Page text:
German and Belgian brides used to attach dill to their wedding gowns or carry it in their bouquets to bring happiness to the marriage. There may have been an ulterior motive, however. If she brought mustard and dill seeds to her wedding and said these words, “I have you, mustard and dill, Husband, when I speak, you stay still!” the wife would be in charge of the marriage.
Believed to have originated in the Mediterranean region about 5,000 years ago, dill symbolizes good cheer and luck. Its name means “to calm” or “to soothe.” In the Middle Ages, hanging dill by your door prevented anyone entering who meant you harm. Sprigs were also hung on cradles to protect sleeping children.
Nicholas Culpeper was a 17th century physician, medical astrologist and herbalist. In his “Complete Herbal,” he told us “it strengthens the brain … it stays the hiccough, being boiled in wine, and but smelled unto being tied in a cloth.”
Known as the “meetinghouse seed,” it was chewed during long church services to keep babies quiet and adults awake.
Dill is a twofer: Both the leaves (herb) and the seeds (spice) are used in cooking, having slightly different flavors. I love the uplifting smell of dill and use it fresh in salads and dressings. It is frequently used in fish dishes in Sweden.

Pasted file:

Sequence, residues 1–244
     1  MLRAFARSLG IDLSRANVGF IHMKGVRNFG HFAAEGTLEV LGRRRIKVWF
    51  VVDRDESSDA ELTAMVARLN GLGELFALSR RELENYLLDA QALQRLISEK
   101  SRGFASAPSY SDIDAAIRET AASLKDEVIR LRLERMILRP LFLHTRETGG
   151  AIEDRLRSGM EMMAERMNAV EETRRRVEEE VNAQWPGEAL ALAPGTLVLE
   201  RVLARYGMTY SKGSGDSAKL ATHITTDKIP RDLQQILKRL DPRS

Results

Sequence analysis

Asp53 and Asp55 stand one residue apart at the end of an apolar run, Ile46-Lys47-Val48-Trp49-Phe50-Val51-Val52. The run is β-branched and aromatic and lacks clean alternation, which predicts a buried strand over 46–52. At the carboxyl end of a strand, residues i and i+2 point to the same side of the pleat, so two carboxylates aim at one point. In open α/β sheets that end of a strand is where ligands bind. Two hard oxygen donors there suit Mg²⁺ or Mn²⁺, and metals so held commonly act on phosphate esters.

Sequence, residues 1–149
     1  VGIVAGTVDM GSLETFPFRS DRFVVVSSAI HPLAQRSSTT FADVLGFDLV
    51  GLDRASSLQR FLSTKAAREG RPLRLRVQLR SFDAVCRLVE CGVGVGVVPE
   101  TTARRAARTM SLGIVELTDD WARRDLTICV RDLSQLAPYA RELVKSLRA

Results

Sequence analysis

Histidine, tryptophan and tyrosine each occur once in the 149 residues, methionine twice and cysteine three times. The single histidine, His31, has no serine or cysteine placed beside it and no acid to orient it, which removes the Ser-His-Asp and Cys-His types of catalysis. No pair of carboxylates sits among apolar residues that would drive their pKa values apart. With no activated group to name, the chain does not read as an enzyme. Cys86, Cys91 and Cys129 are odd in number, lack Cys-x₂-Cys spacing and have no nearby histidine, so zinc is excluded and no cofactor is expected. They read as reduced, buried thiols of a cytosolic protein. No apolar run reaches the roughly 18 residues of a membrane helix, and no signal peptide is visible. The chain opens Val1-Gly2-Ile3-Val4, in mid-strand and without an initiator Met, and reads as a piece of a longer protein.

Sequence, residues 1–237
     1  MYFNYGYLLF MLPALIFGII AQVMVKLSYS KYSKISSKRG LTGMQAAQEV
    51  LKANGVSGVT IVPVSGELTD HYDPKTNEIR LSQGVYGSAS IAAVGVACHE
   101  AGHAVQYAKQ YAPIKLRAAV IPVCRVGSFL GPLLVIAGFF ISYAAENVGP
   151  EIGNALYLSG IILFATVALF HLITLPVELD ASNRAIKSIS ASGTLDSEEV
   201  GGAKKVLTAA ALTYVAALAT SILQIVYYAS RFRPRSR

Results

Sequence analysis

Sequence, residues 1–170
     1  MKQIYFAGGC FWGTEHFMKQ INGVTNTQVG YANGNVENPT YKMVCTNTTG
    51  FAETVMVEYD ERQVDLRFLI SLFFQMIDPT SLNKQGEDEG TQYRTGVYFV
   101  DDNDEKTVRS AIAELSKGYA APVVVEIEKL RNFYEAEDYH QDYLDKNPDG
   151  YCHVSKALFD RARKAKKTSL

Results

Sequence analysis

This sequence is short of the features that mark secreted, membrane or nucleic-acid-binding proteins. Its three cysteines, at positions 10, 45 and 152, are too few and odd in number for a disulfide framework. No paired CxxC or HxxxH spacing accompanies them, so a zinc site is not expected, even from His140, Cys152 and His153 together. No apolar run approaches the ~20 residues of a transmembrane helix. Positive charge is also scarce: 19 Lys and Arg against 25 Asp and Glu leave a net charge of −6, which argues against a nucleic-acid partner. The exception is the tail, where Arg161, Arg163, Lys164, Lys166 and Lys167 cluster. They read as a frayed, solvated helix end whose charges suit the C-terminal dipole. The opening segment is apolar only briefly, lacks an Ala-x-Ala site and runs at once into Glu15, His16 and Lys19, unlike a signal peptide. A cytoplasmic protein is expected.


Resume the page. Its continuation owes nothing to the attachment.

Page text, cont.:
In the garden, let some of your dill flower, as it adds height to the back of a sunny border, reseeds readily and butterflies adore it. They lay their eggs there, and the larva feed on it. I plant some for myself and some for the black swallowtails.
Today’s science is confirming the medicinal properties of dill. Indian scientists have found that dill’s limoneno works as well as prescription antibiotics at killing harmful intestinal bacteria such as E. coli; therefore, it has beneficial healing properties for the digestive system.
You’ve probably heard your grandmothers talk about giving dill water (or “gripe water”) to babies. The Roman emperor Charlemagne, not being fond of gaseous emissions from dinner guests, provided each of them with a small bottle of dill oil at his bacchanalia.
This herb was believed to provide protection from witches:
“Therewith her Vervain and her Dill
That hindereth witches of their will.”
Drinking a cup of dill water would reverse a witch’s spell.
Enjoy growing some dill this summer. The swallowtails will come, and the witches will leave.
– A reference librarian, Lisa Karen Miller has been gardening and researching plant lore for many years. Have some plant lore to share? Email firstname.lastname@example.org.